The Case for Deliberately Exposing Healthy People to COVID-19
Last week, 35 members of the U.S. House of Representatives sent a letter to the heads of the Food and Drug Administration and the Department of Health & Human Services urging the agencies to consider the use of “challenge studies” in COVID-19 vaccine development. Nearly 5,000 people have already indicated their interested in volunteering for such studies by signing up with the grass-roots organization 1 Day Sooner. This post answers some basic questions about challenge studies and explains how deliberately exposing healthy people to COVID-19 can be both scientifically useful and ethically sound.
What are challenge studies?
The term “challenge study” refers to research in which healthy people are intentionally exposed to a pathogen or other microorganism. They may be used to identify factors that contribute to or protect individuals from becoming infected, as well as to evaluate the safety and efficacy of candidate vaccines or drugs. One recent review found more than 120 scientific publications on challenge studies in the past decade, primarily for influenza, rhinovirus and malaria, and noted that challenge studies have “provided landmark data for several registered drugs and vaccines and have generated unprecedented scientific insights.”
Why are challenge studies so important?
Challenge studies are often conducted as small pilot studies to generate preliminary efficacy data on candidate vaccines or drugs. Those that appear promising may then be tested in larger field trials in areas where the disease is endemic. Because challenge studies are typically short and involve a small number of participants, they are both quicker and cheaper than later-phase field trials, which require researchers to enroll large groups of people and wait for some of them to become infected. Because challenge studies enable researchers to quickly test a large number of vaccine or drug candidates, they increase the likelihood of identifying one that will work.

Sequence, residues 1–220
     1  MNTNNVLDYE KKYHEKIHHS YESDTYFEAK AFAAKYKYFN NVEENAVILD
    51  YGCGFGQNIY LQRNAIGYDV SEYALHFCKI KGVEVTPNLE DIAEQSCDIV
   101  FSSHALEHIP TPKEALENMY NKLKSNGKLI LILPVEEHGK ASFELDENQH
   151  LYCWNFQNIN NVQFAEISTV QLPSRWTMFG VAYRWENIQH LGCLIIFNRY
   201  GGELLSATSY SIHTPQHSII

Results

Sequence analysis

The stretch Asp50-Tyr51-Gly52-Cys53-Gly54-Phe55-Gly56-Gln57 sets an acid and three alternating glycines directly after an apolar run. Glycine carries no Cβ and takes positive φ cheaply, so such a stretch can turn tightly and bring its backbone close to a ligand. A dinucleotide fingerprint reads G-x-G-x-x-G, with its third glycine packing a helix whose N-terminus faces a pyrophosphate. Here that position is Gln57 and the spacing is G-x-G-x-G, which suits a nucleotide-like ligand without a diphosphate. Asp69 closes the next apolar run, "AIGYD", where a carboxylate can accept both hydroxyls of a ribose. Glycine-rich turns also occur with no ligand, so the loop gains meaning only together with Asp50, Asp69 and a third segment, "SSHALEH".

How might challenge studies be used to respond to the COVID-19 pandemic?
While the primary role of challenge studies in COVID-19 response efforts would be to speed the development of an effective vaccine, challenge studies could also be used to answer other important scientific questions important to pandemic response efforts. For example, our knowledge about the duration of immunity conferred by infections with other strains of coronavirus stems largely from data obtained in studies in which volunteers were deliberately infected with those strains. Similar studies could help determine whether, and if so for how long, individuals infected with COVID-19 remain immune to the virus. Challenge studies could also be used to help researchers better understand the relationship between the initial dose of the virus and the severity of disease.
Isn’t it unethical to deliberately infect people with a disease?
It certainly can be. As a World Health Organization (WHO) expert committee noted, many “well documented historical examples of human exposure studies would be considered unethical by current standards.” Examples include studies conducted by the U.S. government in the 1940s in which over 5,000 Guatemalan people were intentionally infected with bacteria that cause sexually transmitted diseases, and a study conducted in the 1950s at the Willowbrook State School in New York in which mentally disabled children were intentionally infected with hepatitis.